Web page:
South Plainfield resident Dahiana Mercer was looking about five years ago for a way to leave the one-bedroom apartment she shared with her daughter, now 12-year-old Alissa, but couldn't find the right place.
First, Mercer said, she couldn't find an affordable housing apartment through the Somerset County Council on Affordable Housing [SCCOAH] with a rent lower than $1,000. And then, she said, she found that rent is only lowered in affordable housing for families with more than one child.
"The more kids you have, the easier it is for assistance," she said. "By the time I paid all my private bills and the car bills, there was not enough money left for rent."
Then Mercer, who worked at the time for a pharmaceutical company, received a brochure about a conference through Raritan Valley Habitat for Humanity, and, five years later, she joined dignitaries, her now two daughters and others for the dedication Friday of her new home on Dutch Lane in Bridgewater.
"I am so excited and happy to be here," she said.
The house was dedicated by the Raritan Valley Habitat for Humanity, as one of seven already completed on the same street, and with one more still in the works with the expectation of being ready by the end of February.
To be considered for a home, a family must prove the need for it, meaning the members use 30 to 50 percent of their income for housing. The family also has to have the financial wherewithal to live in a home.
Those who receive a home through Habitat receive a 0 percent interest mortgage with no down payment.
Mercer's home was sponsored by several businesses that have put time and money together for building the property. Those businesses involved were Sanofi-Aventis, QualComm, TD Bank, MetLife and Amboy Bank.
"We've always been involved with Habitat," said Melissa Feltmann, director of New Jersey Partnerships & Alliances with Sanofi-Aventis. "It is a great opportunity to get out and build, and for us to provide the resources to help better the Bridgewater community that has been a great place for us."
"It's a great way to help another family become part of the community," she added.
Feltmann said Sanofi has worked with Habitat since 2001, and the company has had about 400 employee volunteers provide 3,200 total hours of service.
And aside from the businesses were local churches and school groups that donated their time to build the house.
"Businesses volunteered time and monetary cooperation in addition to the labor," said Lorraine Mackin, development director for the Raritan Valley Habitat for Humanity. "They sent many employees out to build on the site."
Mackin said it took a total of 2,800 hours from volunteers to build the one home.
"That's amazing," she said. "They all believe in the mission that every person deserves a decent affordable home."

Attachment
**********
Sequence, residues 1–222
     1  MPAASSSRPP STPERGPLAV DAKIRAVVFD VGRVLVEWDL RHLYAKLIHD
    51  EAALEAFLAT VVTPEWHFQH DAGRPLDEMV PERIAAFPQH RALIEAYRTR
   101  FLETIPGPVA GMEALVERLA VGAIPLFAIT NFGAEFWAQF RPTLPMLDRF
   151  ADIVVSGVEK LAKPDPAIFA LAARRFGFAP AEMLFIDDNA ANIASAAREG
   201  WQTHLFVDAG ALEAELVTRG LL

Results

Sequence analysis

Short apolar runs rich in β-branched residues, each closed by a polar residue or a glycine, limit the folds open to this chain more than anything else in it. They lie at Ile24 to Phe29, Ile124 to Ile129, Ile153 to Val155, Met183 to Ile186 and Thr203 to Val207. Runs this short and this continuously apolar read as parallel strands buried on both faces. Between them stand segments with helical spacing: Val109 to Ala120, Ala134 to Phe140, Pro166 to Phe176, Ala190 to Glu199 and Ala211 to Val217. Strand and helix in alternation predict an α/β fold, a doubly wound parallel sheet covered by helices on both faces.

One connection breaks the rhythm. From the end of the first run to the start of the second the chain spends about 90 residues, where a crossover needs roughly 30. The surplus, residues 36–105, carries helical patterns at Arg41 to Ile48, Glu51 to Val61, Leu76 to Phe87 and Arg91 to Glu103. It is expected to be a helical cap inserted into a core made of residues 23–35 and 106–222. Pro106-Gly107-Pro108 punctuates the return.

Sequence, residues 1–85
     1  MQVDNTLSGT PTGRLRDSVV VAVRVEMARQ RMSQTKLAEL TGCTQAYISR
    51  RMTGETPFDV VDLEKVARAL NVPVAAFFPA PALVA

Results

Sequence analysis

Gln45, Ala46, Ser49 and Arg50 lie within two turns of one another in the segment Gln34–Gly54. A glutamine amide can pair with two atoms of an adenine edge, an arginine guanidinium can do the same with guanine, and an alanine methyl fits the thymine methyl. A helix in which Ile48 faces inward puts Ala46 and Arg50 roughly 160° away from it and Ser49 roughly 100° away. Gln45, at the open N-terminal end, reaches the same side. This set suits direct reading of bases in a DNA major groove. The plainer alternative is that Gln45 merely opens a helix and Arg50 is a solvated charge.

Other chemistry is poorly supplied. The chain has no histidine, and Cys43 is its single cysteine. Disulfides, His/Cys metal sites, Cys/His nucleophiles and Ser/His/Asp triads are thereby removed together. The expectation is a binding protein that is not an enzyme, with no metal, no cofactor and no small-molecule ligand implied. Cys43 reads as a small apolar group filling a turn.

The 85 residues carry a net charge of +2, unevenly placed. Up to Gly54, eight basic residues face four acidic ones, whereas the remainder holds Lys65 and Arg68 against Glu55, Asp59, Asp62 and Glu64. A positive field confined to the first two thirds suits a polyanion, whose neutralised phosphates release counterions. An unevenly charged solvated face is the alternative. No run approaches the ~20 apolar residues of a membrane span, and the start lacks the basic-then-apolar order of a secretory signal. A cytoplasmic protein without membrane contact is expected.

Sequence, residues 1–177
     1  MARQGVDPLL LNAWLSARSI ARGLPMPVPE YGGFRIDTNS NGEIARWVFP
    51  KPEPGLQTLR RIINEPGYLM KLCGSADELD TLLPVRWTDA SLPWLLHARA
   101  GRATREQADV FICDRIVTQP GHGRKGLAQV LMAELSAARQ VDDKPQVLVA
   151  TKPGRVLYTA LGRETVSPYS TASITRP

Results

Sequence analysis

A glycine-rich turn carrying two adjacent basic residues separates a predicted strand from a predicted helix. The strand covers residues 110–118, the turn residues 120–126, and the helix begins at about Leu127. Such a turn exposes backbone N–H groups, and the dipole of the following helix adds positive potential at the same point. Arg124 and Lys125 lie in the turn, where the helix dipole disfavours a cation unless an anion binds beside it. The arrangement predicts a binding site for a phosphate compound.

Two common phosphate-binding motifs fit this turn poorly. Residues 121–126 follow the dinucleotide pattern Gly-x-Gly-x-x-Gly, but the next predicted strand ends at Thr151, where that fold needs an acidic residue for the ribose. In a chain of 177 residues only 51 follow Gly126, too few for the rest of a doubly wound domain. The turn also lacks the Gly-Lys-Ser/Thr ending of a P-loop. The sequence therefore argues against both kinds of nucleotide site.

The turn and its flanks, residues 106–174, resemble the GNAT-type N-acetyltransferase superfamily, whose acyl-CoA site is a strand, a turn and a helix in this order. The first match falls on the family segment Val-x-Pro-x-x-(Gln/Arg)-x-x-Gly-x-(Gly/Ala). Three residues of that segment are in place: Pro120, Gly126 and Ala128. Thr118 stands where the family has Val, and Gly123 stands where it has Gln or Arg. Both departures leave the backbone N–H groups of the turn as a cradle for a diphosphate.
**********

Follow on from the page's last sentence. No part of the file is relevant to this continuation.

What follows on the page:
But part of the requirements to qualify for a house from Habitat is for the recipient to donate 250 hours to building as well.
For Mercer, that required giving up many Saturdays.
"My mom was here, and my dad helped, so I was able to come by on weekends, mostly Saturday," she said, adding that her job kept her away during the week and church obligations kept her busy on Sundays. "But from when the project began, I was very involved in working on all the homes."
Mercer said the assistance from others was the most important piece of the puzzle.
"It was awesome, and my main focus is how many people helped," she said. "Even when some people's own hours were done, they came to help in my house."
"And I will keep helping, this is a big deal," she added. "I want to be part of this, and it is nice to help someone else."
Despite all it took to get to this point, Mercer said, the celebration is not about anything in her past, just the fact that so many people came together to make this new home a reality for her and her family.
"There has to be love in their hearts because it takes such a commitment for people to come and help out another family," she said of the many volunteers during the dedication. "I can't tell you from the bottom of my heart how grateful I am."
The volunteerism is a huge part of what makes the work through Habitat possible.
"Some don't believe we can do this with a group of volunteers, most unskilled," said Nancy Asbury, executive director of Raritan Valley Habitat for Humanity. "But many come out and they build a home."
Linda Bradway, who was Mercer's liaison to Habitat, said the building took more than two years from when the application for the house was first approved in 2008.
"I can't imagine waiting that long for a house to be built," Bradway said. "She's had so many changes in her life."
"But Dahiana never gave up hope that she would provide a home for herself and her daughters," she said. "The day is here, and the house is done and waiting for you to move in."
The dedication ceremony included a ribbon cutting in front of the house, and a presentation of the key by Bridgewater Township Councilwoman Christine Henderson Rose.
"It is such a pleasure to welcome you to Bridgewater," she said.
And for Mercer, whose second daughter Marih was born just five months before the building began on the house, she is excited to be part of the community, with a plan to hopefully move in around the beginning of March.
"It is a relief to bring my children to this house," she said.